My autism diagnosis: Suspecting I am autistic

my journey being assessed for autism as an adult

If you have been following my blog posts, you may have noticed that I have started writing more about my own experiences, as well as my sons. Earlier this year I opened up about my Secret Hopes and Fears after I decided to embrace my vulnerability, and since then I have been on a journey of my own as I was assessed and then diagnosed as autistic.

I am still working through what a diagnosis means for me, and those around me. While I know that I am the same person I was before the diagnosis, I do wonder what changes (if any) will happen as a result of a greater self-understanding. I am also curious to know how it will change the perceptions of those who know me, once they find out about my diagnosis.

Is it going to be a total shock for them, or is it going to be like finding out what people really thought of your ex after you finally break up and they finally share what they were really thinking? Where everyone had a view, but didn't want to say something for fear of offending?

As with my son's diagnosis two years, I have decided to blog about my experiences to document my own journey in the hope that it can help me connect with others on a similar path. 

Over the next few weeks, I will be sharing my diaries that I kept as I was being assessed. Below is the first entry which I wrote shortly after deciding to get myself assessed. 




Last night I watched a video on autism in girls by Tony Attwood, and it has got me really thinking about whether I might be autistic. Actually, I have been wondering about this for some time as Eldest has always reminded me of myself, and the more I find out about autism the more I wonder.

Professor Tony Attwood - Autism in Females

All my life I have never felt like I quite belong. I was an outsider at school, I struggle in many social situations, and I never seem to easily fit in with the people around me at work.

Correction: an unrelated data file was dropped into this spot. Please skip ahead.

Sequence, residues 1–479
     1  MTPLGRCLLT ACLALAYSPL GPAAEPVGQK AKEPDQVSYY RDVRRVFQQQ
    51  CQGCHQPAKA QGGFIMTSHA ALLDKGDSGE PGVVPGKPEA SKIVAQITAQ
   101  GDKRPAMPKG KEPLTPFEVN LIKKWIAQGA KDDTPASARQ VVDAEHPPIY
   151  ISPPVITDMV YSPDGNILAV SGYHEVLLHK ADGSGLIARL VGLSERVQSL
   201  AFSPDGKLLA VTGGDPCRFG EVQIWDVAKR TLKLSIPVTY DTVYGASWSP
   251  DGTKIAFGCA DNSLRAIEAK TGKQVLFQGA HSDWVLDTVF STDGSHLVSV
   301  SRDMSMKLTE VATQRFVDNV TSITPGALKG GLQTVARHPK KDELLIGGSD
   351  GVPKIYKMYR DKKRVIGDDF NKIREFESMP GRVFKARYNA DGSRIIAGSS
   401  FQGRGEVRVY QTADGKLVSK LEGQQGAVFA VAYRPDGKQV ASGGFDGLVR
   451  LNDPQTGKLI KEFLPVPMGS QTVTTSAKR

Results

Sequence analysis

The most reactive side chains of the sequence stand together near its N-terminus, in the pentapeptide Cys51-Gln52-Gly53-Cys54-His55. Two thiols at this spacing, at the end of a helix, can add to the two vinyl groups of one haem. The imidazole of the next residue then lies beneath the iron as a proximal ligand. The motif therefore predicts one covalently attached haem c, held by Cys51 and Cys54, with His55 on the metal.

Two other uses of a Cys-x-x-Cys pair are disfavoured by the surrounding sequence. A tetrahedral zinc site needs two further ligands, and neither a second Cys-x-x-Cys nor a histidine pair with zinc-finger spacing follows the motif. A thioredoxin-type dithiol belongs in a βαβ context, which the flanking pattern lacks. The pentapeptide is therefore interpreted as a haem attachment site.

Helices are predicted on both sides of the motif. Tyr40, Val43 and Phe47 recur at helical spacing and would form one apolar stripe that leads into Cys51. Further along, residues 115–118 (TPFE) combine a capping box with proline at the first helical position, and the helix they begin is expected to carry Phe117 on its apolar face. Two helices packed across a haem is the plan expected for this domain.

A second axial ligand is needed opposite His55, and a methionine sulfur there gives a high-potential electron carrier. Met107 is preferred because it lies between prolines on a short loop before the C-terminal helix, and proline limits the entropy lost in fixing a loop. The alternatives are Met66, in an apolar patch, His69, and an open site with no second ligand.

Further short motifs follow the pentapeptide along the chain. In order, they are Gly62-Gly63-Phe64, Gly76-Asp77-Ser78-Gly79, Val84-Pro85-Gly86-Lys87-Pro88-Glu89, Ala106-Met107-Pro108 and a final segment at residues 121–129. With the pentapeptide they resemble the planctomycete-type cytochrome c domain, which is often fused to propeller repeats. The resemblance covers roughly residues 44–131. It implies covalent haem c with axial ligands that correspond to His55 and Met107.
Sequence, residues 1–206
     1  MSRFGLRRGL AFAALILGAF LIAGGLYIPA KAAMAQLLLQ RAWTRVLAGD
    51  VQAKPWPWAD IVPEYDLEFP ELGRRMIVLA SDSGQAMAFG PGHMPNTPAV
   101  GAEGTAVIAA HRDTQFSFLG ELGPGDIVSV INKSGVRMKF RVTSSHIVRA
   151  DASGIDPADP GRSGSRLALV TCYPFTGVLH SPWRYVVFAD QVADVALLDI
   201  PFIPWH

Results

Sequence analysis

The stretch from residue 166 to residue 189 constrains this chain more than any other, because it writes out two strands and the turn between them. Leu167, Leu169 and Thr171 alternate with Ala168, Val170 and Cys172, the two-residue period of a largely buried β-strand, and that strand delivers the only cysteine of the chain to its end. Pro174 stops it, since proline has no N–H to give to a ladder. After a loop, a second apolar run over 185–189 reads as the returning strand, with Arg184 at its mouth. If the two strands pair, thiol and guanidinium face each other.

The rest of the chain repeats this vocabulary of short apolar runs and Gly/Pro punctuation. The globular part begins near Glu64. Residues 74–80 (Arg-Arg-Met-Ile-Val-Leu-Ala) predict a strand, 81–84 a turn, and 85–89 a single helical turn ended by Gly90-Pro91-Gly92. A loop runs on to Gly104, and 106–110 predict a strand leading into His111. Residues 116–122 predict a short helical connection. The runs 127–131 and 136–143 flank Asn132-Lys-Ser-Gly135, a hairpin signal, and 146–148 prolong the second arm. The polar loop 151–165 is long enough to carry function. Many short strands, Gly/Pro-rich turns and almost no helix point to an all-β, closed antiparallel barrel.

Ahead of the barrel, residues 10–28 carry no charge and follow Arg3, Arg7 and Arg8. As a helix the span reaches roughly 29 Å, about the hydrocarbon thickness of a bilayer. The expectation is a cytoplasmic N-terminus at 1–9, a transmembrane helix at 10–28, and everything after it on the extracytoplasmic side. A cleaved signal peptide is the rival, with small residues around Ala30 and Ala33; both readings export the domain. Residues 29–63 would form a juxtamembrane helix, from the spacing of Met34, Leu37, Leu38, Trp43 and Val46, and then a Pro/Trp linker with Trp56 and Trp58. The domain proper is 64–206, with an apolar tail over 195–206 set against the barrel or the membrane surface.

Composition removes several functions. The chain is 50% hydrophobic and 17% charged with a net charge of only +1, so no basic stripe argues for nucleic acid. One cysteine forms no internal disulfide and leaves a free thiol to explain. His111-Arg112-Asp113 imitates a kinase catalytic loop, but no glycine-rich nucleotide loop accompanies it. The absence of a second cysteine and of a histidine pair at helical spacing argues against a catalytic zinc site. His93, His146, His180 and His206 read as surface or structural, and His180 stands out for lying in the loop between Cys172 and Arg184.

I struggle with social anxiety, and in recent years I have also struggled with general anxiety. This is largely triggered by uncertainty and my struggles to get people onside at work. I know that I have a tendency to cause conflict without meaning to, but have always put that down to being a South Africa living in an English world.  Now I am starting to wonder if there is more to it than that.

I am tired of not feeling like I belong, and I am tired of clashing with so many people. I am even clashing with Eldest now, and am concerned that in the long run this will damage our relationship.




My bookshelves are filled with books on collaborative negotiation, effective teamwork, being a trusted advisor, how to win friends and influence people, and more recently having the courage to dare greatly. I have loved these books, and have tried many of the strategies recommended. As a project manager, I've had many chances to try out new strategies on new projects with new teams. Unfortunately, it is a bit like Groundhog day and things always play out in the same way.

I have lost track of the number of times that I have been told that I am abrasive, challenging, a perfectionist, "don't suffer fools gladly", and a recent favourite that I railroad people. No matter what I do, I just can't seem to change how things work out.

In the past, I have tried counselling for the anxiety, life-coaching to change my approach at work, and a communications coach to help me in my communication with others. As much as I try to change things, my anxiety and struggles just seem to be getting worse. Something has to change, but I don't know how.

So here I am. Struggling with myself, and frustrated with my inability to change things. Could I be one of the hidden pool of undiagnosed mums ?


In my next post, I will be sharing what happened when I decided to share my suspicions and arranged for an assessment


No comments

Powered by Blogger.
Back to Top